We thought that later on, we could move towards more ideal Islamic systems. However, from the starting point, movement has been in the opposite direction, towards more and more similarity with capitalist system on instruments.

One of the strong claims and ideas was that capitalist banks lead to concentration of wealth, while Islamic banking would benefit society in various ways by socially responsible behavior. There are no signs of this happening.

In addition, an extremely large percentage of the industry has been captured by Western banking industry or by banks which also have side by side conventional banking and finance operations. Obviously, these institutions are motivated by profit, and not by the idea of providing social service in Islamic countries.

Question 3: Do you think it is right to evaluate and compare Islamic economics by comparing practiced Islamic banking and finance with conventional banking and finance institutions?

Islamic economics represents a system which is just and equitable and provides for the needs of all.

Islamic banking as currently practiced is simply an extension of the capitalist drive to control and direct all wealth for the advantage of small elite.

Question 4: For the recognition of Islamic economics as a distinctive economic system in mainstream academic literature, what steps are necessary which must be taken by academic policymakers?

Islamic economics is built on the hearts of people. It requires inner spiritual transformation like the one brought about in the Arabs by the teachings of our Prophet Muhammad (peace be upon Him). Policy makers of academic institutions should change the methodology of education to the one brought by our Prophet (peace be upon Him), who was the best of teachers.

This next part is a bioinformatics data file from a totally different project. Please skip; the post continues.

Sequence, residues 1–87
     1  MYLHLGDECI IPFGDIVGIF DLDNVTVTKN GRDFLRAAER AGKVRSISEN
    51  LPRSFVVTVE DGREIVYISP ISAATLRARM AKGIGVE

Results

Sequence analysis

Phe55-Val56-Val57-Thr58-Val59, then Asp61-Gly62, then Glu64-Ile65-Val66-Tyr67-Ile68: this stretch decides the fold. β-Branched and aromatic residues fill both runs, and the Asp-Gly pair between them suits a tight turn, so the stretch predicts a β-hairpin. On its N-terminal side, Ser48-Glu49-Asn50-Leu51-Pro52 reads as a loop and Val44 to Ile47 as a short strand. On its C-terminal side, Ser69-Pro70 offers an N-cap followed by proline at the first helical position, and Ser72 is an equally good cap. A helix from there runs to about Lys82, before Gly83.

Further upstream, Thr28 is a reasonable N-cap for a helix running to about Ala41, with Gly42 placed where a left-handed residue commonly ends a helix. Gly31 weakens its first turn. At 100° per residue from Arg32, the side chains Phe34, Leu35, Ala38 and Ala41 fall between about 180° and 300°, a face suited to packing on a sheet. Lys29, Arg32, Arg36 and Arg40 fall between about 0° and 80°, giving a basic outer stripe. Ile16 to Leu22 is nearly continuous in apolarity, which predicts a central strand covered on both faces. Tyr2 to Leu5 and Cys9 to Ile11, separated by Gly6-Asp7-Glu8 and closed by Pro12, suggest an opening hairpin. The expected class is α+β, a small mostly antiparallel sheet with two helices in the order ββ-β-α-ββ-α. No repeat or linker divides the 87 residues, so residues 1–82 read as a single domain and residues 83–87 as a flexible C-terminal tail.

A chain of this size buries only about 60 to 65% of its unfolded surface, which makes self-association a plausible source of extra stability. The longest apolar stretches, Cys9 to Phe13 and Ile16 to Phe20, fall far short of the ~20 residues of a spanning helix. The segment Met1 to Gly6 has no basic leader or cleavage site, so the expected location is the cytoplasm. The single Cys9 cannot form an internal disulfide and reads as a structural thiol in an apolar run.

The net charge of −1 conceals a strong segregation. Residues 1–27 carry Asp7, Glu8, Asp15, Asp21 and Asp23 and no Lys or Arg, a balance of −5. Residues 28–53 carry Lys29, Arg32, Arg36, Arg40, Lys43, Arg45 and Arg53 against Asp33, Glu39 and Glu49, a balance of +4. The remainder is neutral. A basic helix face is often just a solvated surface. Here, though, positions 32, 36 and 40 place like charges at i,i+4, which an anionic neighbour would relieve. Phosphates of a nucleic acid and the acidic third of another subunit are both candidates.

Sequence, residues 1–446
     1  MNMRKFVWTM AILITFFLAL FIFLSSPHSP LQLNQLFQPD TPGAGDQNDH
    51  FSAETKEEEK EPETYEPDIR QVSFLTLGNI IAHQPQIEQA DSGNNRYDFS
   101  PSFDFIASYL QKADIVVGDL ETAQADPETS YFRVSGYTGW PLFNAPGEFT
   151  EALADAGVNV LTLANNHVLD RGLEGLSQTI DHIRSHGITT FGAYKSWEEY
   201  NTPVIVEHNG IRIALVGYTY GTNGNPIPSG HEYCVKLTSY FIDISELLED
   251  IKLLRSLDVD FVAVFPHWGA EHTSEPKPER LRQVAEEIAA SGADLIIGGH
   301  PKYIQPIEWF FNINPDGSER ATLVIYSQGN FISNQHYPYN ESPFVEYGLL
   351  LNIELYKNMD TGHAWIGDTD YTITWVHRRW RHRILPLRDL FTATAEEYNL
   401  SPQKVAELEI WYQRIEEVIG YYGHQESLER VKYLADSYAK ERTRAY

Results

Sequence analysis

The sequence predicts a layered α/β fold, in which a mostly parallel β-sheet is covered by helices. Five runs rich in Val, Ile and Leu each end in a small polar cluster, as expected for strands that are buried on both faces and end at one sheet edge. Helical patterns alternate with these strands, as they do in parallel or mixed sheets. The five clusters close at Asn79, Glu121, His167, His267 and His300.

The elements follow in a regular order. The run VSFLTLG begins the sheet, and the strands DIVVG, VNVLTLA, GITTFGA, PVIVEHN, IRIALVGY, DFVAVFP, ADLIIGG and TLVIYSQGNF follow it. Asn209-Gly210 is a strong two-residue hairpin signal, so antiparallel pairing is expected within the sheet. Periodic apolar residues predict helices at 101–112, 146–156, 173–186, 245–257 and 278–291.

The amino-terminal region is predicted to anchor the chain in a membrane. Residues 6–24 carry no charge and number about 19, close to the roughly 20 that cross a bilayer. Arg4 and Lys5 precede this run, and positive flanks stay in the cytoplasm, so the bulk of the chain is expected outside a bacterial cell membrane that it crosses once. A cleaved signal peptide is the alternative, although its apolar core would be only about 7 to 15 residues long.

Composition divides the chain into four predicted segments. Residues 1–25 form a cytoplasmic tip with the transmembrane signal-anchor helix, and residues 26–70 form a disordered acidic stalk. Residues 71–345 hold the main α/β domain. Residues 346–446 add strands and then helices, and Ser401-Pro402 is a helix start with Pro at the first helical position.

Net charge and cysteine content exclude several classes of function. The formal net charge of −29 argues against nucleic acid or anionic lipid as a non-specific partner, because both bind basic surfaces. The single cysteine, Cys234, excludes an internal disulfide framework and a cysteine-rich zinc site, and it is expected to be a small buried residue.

The differences and advantages of an Islamic methodology of education have been spelled out in my essay: Principles of an Islamic Education. This essay is the first lecture of my lectures on Islamic Economics:

Question 5: Do you think that Islamic worldview is the cornerstone in understanding and developing Islamic economics literature and institutions in particular? Has it been equally appreciated by Islamic economists and practitioners in Islamic financial institutions?

An Islamic worldview is absolutely central to understanding the Islamic system. This system is a complex web of inter-related institutions, none of which can be understood in isolation. Furthermore, it is not sensible to talk about Islamizing banks, while leaving intact the entire complex architecture of capitalist institutions within which it is placed.  

The Islamic economy requires Islamic political, social, educational, judicial, and other institutions to work in harmony with the economic system. Taking just one piece does not work. Again, I have discussed this issue in many of my writings. My essay entitled “An Islamic Worldview: An Essential Component of an Islamic Education” is also available from these websites.